Women in judiciary

Out of the total population of India, 48% of it are women, out of them only 5 to 15% choose the legal profession. The meagre number of women in legal profession is a testament to the fact that sustaining a profession in this sector is not easy. Harrassment, gender biases and insensitivity of male co-workers has put women at a disadvantage. It is better to not see this through the prism of feminism but through the prism of realism. Realism calls out for a balance between the genders in the society.

Only 3 out of the total 34 Supreme Court judges of India have been women. Only 7% of women in high courts are judges and 17% of women are there in subordinate courts in the capacity of judges. Having a woman chief justice of India just feels like a far-fetched dream today. Women are in no form lesser to men, they are in fact as equal as or in some matters even better than men. Moreover, they should not be a need for comparison because as individuals, beyond the divide of genders, we all have our uniqueness and capabilities.

Further it is important to consider the opaqueness of the appointment system through the collegium which sports women and the back seat. Litigation is not considered a secure field as it does not guarantee a continuous income as compared to other jobs which can be secured through entrance examinations and have reservations for women. Reason why we see more number of judges in the subordinate and high courts as compared to the supreme court, where appointments are not so transparent. This is a major drawback among the others.

Women only makeup for 15% total advocate enrolled in India. While giving assertive and well articulated arguments, a woman advocate is seen as being aggressive. Where as aggression is applauded in male advocates. This bias reeks of misogyny and patriarchy. The fact that, we as a society cannot see women arguing for their clients is because we expect them to be subjugated. Is not easy for human’s psyche to accept a woman who is assertive and is well opinionated. Such biases will take time for us to overcome but progress cannot wait for our psyche’s to change and modify.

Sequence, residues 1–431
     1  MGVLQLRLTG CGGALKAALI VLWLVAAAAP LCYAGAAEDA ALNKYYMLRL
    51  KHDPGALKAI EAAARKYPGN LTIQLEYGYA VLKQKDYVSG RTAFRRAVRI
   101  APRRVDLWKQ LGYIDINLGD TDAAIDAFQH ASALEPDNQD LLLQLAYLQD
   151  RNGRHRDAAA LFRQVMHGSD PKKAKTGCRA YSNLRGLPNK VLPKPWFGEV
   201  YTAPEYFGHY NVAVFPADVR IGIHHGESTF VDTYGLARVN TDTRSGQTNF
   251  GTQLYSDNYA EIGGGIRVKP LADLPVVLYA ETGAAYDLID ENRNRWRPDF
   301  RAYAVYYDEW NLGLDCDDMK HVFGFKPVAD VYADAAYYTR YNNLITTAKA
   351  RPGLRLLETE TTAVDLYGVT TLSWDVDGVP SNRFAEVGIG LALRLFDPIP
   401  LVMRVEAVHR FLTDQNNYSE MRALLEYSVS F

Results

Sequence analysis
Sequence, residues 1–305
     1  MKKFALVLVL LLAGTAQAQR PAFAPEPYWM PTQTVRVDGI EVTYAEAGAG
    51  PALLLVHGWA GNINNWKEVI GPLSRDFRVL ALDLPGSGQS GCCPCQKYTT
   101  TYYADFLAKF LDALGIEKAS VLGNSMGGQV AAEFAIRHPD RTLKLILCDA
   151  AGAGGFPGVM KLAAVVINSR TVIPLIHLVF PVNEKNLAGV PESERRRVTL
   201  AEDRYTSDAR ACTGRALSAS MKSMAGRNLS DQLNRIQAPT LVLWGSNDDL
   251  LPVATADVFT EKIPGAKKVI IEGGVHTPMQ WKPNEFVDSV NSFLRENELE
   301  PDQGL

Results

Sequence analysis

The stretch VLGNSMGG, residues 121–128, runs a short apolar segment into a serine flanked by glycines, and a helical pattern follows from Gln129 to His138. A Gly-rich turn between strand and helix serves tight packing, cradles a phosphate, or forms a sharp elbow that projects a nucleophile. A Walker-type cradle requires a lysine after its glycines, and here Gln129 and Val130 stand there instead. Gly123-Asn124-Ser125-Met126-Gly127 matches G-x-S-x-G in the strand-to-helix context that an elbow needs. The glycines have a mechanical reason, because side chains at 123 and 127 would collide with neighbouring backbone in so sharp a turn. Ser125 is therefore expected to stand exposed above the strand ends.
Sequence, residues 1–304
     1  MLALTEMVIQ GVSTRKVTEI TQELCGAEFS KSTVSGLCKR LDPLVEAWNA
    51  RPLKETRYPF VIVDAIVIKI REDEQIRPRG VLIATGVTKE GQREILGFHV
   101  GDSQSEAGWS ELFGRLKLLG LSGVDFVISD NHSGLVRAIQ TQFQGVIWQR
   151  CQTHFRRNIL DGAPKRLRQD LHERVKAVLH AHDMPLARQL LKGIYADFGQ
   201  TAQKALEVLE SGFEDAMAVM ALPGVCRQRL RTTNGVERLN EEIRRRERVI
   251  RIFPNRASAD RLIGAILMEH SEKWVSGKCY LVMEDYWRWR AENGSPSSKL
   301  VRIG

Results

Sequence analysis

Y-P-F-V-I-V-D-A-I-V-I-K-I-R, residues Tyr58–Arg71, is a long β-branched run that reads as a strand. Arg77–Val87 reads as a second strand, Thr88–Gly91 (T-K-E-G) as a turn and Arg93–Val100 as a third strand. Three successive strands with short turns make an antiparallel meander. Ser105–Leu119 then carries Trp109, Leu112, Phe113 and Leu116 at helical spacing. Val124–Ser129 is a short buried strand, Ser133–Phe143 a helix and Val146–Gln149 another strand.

Hence we must give equal chances to women and watch out for small and subtle changes that can be made in our attitude in day to day life. Articles 14, 15(3), 16 ,42, 39 (a), 39 c, 39(b), 39 (c) speak of gender justice which is essential to be acquired by every woman citizen of India. Motive is not to suppress men in return for the success of women. But it’s about parity, justice and equal opportunity. Equal opportunity should not be just words enshrined in the preamble. These are basic tenets that are founding fathers of the Constitution have mandated for us to follow to be the democracy that we visualise to become.

Recently, a Madhya Pradesh high court judgement give bail to a person accused of sexual harrassment because he would request the victim to tie him a rakhi. Previously, there have been judgements where the judges have not punished the accused of rape and molestation because they agreed to marry the victim. In such cases the agency of a woman is neglected and it is supposed and assumed that all the decision making lies in the hands of men, be it the judge or the accused.

Bringing more women to judiciary would increase the gender sensitivities, as women are more empathetic and sympathetic than men due to their nature, although not generalizing and stereotyping women. It can also bring them social respect and give the society more women role models for young girls to follow and learn. Will improve the accessibility of justice to other women who face injustice in day to day life, as it can be easy for them to talk to women who can understand their plight. Which otherwise can be trivialised by other advocates and judges.

Harrassment at workplace and even at internships for freshers isn’t new. Many young women leave the profession at the behest of their maternal duties. But one must understand that given the opportunity, women can manage well. Crèche system in courts, change in attitude by all, gender sensitisation at institutions is needed to bring about change.

Aishwarya Says:

I have always been against Glorifying Over Work and therefore, in the year 2021, I have decided to launch this campaign “Balancing Life”and talk about this wrong practice, that we have been following since last few years. I will be talking to and interviewing around 1 lakh people in the coming 2021 and publish their interview regarding their opinion on glamourising Over Work.

If you are interested in participating in the same, do let me know.

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